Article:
Sun moves to indirect sales for most US customers

Sun Microsystems is moving to an indirect sales model in the U.S. for all but about 300 of its largest customers, a step designed to help boost its flagging revenue.

The change means customers who aren't among Sun's biggest U.S. accounts from a revenue perspective will be switched to one of its reseller partners in the coming months, said Tom Wagner, vice president of Sun's North America partner sales organization, in an interview on Tuesday.

"Effectively we're going to go 100 percent 'channel' below the top 300 or so accounts," he said. That means Sun will depend wholly on its partners to generate leads, architect systems, close deals and provide much of the support and services for those customers.

The move will likely be welcomed by Sun's 600 or so channel partners in the U.S. because they will no longer be competing with Sun for business. Sun believes it will give them more motivation to attack areas of the market where Sun's "share of the wallet" is low today, and allow Sun to scale its sales efforts to target those accounts, Wagner said.

It is less clear how the move will be received by customers. "At the end of the day it'll be a 'wait and see' in terms of the customer reaction," Wagner said.

"We have a portfolio of partners who play pretty high up in the value stack and who we believe can provide quality technical support and system engineering resources," he said. But he acknowledged that some customers may have "very specific demands about how we handle their accounts."

"We'll have to deal with that when it comes to it," he said.

The so-called Partner First initiative is limited to the U.S. today and Sun didn't announce any plans to extend it overseas. Companies will sometimes try a new strategy in one region and roll it out worldwide if it's successful.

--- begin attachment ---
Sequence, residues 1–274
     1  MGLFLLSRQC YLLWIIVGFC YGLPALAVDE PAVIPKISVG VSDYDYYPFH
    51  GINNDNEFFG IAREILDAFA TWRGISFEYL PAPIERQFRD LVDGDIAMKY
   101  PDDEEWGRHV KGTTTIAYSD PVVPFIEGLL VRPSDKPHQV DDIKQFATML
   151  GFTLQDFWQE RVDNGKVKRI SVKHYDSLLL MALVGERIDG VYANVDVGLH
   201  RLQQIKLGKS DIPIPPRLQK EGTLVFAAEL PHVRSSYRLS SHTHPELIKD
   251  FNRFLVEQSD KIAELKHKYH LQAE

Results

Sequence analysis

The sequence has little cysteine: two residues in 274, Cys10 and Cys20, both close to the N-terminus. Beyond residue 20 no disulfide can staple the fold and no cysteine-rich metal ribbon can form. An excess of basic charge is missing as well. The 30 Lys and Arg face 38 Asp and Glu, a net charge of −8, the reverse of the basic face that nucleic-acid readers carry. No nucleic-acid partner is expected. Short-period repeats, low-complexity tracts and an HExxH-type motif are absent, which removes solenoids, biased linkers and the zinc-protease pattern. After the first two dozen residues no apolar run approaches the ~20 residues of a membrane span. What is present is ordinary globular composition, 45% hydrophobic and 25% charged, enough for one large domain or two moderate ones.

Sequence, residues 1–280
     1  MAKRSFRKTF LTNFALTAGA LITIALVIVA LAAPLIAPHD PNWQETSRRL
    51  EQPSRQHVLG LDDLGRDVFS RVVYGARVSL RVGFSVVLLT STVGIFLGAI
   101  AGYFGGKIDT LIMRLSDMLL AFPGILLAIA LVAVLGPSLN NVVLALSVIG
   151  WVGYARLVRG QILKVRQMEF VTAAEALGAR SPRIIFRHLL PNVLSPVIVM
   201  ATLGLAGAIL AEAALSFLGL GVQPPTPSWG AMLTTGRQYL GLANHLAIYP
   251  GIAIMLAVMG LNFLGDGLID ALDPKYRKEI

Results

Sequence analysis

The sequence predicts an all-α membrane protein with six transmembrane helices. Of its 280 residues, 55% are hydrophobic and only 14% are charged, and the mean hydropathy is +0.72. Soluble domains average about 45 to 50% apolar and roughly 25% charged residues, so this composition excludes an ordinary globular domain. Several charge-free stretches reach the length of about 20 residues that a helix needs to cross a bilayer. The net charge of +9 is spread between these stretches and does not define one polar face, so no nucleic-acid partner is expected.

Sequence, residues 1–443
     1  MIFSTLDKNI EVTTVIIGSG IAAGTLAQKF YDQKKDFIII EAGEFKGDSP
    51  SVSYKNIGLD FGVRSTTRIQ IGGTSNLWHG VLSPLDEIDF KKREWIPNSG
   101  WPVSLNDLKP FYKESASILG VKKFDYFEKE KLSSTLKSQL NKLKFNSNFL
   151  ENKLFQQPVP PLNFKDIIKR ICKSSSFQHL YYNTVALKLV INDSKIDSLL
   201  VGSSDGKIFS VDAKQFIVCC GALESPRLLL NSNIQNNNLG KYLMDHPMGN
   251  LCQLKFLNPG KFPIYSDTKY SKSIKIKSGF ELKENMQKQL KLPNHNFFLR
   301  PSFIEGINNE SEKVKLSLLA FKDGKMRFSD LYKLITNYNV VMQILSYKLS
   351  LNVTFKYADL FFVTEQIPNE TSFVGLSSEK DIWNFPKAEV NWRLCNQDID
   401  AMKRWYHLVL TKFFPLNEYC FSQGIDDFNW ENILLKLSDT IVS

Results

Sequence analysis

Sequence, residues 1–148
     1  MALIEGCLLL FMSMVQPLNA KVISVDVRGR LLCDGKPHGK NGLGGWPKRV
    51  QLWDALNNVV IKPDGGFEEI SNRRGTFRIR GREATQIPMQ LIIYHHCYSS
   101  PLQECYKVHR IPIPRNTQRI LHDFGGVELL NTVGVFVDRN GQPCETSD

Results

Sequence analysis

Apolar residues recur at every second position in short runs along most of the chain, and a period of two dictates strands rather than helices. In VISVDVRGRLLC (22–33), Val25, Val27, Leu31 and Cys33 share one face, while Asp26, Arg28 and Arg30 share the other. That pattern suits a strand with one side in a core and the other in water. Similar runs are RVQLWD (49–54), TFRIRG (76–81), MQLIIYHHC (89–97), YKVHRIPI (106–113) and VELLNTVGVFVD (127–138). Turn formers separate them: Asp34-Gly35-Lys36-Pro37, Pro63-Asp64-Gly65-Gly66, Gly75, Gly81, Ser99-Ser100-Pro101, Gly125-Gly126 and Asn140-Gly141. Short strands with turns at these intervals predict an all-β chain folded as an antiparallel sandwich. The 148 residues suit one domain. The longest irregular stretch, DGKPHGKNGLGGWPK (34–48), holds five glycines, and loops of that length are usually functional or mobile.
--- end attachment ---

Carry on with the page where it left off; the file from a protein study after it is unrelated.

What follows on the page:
Sun does about two-thirds of its business through channel partners today and the proportion outside the top 300 accounts is roughly the same, Wagner said. "We're turning over what we believe is a fairly significant amount of our existing business" to the channel, he said.

The plan was announced internally on July 11 and relayed to Sun's partners through a conference call last week, Wagner said. The goal is to complete the transition by the end of this quarter or early next, which means by September or October.

The change comes at a time when Sun is struggling to grow its business as fast as competitors. Last week it announced that revenue for the June quarter will probably be lower than what it reported a year ago, although the preliminary figures were roughly in line with analyst estimates. It will report its full results on Aug. 1.

Sun is also restructuring and announced in May that it would lay off 7 percent of its workforce, or about 2,500 staff. Wagner said he couldn't comment on whether the new sales plan is related to the layoffs, but one industry analyst said that's likely to be the case.

"This will help to streamline their operations. It will result in lower headcount," said Dan Olds, principal analyst at Gabriel Consulting Group, in Beaverton, Oregon.

Sun may also end up handing over a larger proportion of its professional services revenue to the channel, Olds said.

"The challenge will be ensuring that they get the shelf space with these partners, and that they invest enough to make sure they're well represented in the field," he said.

Sun will make "targeted investments" in partners or recruit new ones as necessary, Wagner said. The company is also changing the way it supports its partners. In the past, managers were allocated to a particular region and had little incentive to help partners grow their businesses in other parts of the country. It is changing so that Sun's managers now have an incentive to help the partners they manage nationwide.

Wagner wouldn't be pinned down on which areas Sun hopes to get more business from. The company is strongest today in the telecommunications, financial and federal government sectors, and is pursuing a bigger share of the healthcare and education markets, as well as that for mid-market customers.

"We believe we have a value proposition for just about anyone out there," Wagner said.

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